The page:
Immigration Adjacent: Proposed Changes to the Pardon/Record Suspension System

Yesterday Public Safety made this announcement: Pardon legislation introduced to address criminal justice system inequities and keep communities safe.

Bill C-31, the Reducing Barriers to Reintegration Act (see here at Legisinfo), would, according to the announcement,

  • “reduce wait periods for obtaining a pardon to three years for summary offences and five years for indictable offences”;
  • “streamline the decision-making process for less serious offences, so these applications can be dealt with more quickly and simply”;
  • Make it so “that late payment of a fine or any other monetary penalty that was included in the sentence, does not restart the wait period”; and
  • “reduce the application fee to an amount as low as $50 to make pardons more affordable, because the current cost of applying for a pardon ($657.77)”

Additionally the Bill proposes funding for modernization of the Parole Board of Canada, and for community organizations helping applicants.

Lawyers who’ve been practicing in crimmigration for a while will recall that this is something of a return from the system that existed before the “reforms” of 2010, i.e. Bill C-23B: Eliminating Pardons for Serious Crimes Act.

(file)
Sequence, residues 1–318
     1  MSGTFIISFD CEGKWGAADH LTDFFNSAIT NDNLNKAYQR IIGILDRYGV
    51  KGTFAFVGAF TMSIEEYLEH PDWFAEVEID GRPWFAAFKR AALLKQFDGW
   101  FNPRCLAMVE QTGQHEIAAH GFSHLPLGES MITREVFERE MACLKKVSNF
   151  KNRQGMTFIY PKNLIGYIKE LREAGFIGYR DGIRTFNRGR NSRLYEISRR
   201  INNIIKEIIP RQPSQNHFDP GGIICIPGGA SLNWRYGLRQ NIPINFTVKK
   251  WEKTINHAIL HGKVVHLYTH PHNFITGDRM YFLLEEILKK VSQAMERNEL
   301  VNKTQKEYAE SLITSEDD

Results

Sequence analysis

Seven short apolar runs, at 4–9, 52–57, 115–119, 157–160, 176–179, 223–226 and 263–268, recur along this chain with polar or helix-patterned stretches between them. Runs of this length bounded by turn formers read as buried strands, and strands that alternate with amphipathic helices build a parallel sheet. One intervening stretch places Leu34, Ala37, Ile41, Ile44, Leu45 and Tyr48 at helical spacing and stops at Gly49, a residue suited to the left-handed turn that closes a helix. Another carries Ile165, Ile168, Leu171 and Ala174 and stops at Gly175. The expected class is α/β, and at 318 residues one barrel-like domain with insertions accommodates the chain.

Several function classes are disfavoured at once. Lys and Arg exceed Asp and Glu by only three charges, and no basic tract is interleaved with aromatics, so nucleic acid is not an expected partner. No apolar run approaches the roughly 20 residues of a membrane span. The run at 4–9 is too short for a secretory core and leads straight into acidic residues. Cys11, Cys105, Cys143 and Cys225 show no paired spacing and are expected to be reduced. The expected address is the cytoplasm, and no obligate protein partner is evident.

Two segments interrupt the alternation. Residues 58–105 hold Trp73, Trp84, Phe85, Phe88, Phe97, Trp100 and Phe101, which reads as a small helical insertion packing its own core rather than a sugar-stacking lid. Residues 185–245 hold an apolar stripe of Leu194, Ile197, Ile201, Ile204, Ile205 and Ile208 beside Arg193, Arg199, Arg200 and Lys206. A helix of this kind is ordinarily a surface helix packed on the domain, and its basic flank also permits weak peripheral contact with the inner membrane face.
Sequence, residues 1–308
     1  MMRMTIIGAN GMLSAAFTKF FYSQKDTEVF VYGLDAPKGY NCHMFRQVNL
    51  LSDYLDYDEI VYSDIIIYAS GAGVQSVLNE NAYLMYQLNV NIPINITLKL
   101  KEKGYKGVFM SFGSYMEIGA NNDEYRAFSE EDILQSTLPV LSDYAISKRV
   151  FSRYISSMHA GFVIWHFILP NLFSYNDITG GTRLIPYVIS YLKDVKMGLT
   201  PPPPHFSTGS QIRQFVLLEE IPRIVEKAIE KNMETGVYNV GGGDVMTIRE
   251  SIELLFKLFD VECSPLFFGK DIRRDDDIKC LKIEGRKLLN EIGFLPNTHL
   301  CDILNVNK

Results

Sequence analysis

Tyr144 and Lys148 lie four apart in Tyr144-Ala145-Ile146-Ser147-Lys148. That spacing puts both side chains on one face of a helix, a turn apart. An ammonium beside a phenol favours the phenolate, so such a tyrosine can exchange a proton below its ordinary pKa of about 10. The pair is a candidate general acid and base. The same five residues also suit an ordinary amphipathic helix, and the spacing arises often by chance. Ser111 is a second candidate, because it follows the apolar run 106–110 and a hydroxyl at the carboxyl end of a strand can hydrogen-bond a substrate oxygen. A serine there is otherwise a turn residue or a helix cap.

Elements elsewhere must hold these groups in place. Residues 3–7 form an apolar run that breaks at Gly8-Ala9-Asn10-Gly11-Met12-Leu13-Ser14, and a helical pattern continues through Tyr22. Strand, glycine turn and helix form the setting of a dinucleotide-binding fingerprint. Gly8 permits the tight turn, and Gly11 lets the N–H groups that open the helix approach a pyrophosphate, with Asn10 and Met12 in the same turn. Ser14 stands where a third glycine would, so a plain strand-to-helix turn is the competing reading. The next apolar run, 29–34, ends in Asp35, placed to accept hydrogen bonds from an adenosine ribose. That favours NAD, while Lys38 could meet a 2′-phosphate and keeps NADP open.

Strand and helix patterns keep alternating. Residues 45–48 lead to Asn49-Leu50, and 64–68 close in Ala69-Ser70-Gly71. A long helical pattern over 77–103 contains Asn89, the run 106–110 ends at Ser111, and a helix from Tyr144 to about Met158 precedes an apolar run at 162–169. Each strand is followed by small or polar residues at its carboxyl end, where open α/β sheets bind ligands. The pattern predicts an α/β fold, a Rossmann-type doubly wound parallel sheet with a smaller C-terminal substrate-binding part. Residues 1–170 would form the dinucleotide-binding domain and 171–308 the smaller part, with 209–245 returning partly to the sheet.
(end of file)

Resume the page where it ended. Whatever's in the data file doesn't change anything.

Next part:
Of further interest is this:

In an effort to further remove barriers to pardons, the Government will explore the automated sequestering of some criminal records for less serious offences for those living crime-free, in consultation with provinces, territories and municipalities, as well as other key criminal justice stakeholders. In other countries, including Australia and the United Kingdom, similar systems set aside criminal records for less serious offences after specific periods of time for those living crime-free, removing the need to apply for a pardon. This review will explore how such a system could be implemented in Canada.

Automatic expungement of some criminal records after a period of time without any further involvement with the criminal justice system would seem to be an excellent and efficient way to handle the cases of people who made genuine mistakes or who have been rehabilitated. Interestingly, it is also being considered for implementation or expansion in several states (More States Consider Automatic Criminal Record Expungement).

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